Now let all of this beauty and inspiration settle into your minds and…get SPROUTIN’! The only question is, WHAT WILL YOU BE??


nic.jpgNicole has a background in fashion development and design and a passion for businesses that do good, which has taken her to places like Uganda, Pakistan, and now Durham, NC. She is thrilled to be working to empower indie pattern makers through Sprout! In her spare time, you can either find Nicole in her home studio creating with her kitten by her side or exploring new places around town and abroad. She loves live music, Asian cuisine, and laughing.

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Sprout x Berlin Fashion Show Recap

Sprout Patterns Creative Director Caroline gives us the low down about the fashion show in Berlin that happened on September 7th at the Spoonflower European headquarters.


Ok, TRUTH? I now have a new appreciation for all runway shows. Let me tell you a secret – it’s A LOT of WORK! Is it fun? YES YES YES! But the coordination, the hair, makeup, models – it’s just a huge puzzle that you seem to be putting together on the fly, even if you’ve organized and rehearsed!

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Yes, that’s me, doing hair for the show, THANK GOODNESS for hairspray!

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Essentials – makeup, hairspray and chocolate – not pictured.

Since this is a “behind the scenes” look at the show, I wanted to also share how beautiful our models were without any special hair or makeup – naturally gorgeous!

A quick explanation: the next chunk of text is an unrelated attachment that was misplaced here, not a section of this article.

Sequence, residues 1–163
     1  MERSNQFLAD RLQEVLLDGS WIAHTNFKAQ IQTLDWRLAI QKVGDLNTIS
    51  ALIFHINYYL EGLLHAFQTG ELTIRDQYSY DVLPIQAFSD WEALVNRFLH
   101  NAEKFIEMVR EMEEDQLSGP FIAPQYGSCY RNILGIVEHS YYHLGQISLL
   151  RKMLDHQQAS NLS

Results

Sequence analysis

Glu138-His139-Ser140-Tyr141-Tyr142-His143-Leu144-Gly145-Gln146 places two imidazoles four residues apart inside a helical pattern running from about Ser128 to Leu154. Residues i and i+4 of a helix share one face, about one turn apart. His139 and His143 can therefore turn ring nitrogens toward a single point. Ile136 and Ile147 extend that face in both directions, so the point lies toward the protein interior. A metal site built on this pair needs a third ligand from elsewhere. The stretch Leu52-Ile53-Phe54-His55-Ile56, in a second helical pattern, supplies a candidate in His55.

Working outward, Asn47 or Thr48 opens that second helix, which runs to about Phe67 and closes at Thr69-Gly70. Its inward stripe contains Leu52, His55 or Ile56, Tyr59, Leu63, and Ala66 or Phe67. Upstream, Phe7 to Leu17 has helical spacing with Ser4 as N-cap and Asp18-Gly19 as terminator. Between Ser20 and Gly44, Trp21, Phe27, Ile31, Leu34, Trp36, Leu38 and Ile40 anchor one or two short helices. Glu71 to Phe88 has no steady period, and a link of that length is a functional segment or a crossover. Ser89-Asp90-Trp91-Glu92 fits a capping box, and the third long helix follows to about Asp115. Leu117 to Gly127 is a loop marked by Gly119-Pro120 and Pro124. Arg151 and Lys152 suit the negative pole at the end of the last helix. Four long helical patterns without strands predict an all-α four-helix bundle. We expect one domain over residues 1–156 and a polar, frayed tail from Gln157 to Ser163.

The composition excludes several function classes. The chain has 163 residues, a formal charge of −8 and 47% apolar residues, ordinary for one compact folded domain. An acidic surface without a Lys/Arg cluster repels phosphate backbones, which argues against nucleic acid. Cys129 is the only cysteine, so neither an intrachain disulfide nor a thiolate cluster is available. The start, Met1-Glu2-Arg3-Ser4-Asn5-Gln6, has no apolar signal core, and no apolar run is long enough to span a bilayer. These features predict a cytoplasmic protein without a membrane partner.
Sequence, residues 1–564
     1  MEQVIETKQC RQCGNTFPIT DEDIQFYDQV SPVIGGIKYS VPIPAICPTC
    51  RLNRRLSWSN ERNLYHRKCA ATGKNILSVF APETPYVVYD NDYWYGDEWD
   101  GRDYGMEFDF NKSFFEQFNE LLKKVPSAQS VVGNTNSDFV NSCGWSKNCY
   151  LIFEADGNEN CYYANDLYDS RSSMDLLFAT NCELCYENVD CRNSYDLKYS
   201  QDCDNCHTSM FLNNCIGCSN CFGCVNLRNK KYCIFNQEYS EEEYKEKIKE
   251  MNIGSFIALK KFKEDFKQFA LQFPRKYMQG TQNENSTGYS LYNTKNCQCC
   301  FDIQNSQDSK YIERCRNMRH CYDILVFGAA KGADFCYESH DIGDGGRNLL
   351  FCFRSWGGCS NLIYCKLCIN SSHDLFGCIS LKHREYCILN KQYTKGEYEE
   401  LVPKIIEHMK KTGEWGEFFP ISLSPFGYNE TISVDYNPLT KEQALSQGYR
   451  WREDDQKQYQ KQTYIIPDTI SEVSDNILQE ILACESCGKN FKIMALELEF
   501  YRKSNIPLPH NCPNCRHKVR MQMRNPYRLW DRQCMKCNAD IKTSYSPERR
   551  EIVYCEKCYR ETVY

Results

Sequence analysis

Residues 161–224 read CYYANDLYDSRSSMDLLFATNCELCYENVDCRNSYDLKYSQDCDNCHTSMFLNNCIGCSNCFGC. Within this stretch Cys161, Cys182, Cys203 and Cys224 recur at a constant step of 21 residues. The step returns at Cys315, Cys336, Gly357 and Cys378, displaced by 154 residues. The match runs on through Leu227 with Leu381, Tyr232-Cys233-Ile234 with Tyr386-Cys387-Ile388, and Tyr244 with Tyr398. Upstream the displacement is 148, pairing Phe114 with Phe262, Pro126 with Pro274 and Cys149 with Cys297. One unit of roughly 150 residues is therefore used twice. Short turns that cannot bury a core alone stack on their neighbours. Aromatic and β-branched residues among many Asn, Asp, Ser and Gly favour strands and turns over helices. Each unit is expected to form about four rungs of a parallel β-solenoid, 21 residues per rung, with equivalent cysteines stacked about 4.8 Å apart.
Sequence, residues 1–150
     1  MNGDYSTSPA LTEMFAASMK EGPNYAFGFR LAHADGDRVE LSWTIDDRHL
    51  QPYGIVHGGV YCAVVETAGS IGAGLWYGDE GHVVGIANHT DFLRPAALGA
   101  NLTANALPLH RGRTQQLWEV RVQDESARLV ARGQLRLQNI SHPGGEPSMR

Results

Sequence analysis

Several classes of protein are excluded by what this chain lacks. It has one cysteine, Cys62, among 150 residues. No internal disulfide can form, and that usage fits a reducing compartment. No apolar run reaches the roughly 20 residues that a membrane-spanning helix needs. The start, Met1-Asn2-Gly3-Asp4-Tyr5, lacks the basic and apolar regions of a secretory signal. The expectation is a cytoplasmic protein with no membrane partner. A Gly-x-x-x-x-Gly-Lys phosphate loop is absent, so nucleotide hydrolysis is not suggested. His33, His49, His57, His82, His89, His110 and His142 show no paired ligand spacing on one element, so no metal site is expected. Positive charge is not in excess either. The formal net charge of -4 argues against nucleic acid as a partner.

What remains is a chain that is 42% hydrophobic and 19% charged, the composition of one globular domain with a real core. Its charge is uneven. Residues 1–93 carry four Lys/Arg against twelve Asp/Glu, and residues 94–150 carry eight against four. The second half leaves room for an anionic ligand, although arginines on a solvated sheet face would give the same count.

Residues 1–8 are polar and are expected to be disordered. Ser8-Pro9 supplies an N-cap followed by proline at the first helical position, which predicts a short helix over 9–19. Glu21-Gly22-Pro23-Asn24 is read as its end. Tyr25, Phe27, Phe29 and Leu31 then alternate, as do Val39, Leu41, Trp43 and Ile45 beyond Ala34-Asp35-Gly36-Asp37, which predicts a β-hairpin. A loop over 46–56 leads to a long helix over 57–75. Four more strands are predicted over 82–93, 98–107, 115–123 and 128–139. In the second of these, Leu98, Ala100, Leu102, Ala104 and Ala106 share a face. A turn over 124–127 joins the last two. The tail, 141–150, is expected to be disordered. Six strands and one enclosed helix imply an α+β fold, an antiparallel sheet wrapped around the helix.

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Jasmine and Martha – natural beauties!

We had a lot of help from the Spoonflower office dog, Ben. He made sure everyone got their daily dose of snuggles, petting, and canine slobber.

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Ben says all that snuggling is hard work!

I also got to meet with some of the designers before the show, like Mele de la Yglesia. I can honestly say that I’ve never seen anyone so excited about seeing their art on fabric. I loved Mele’s enthusiasm and it was AMAZING to share in her pure joy!

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Mele trying on a Kielo dress with her design

One of the BEST things about this show was that we hired a professional photographer, Benni Janzen. He is AMAZING, and sweet and super easy to work with. Seriously, if you’re in Europe and need a photographer, HIRE HIM! But of course, since I’m stubborn, I had to take my own iPhone photos, like these: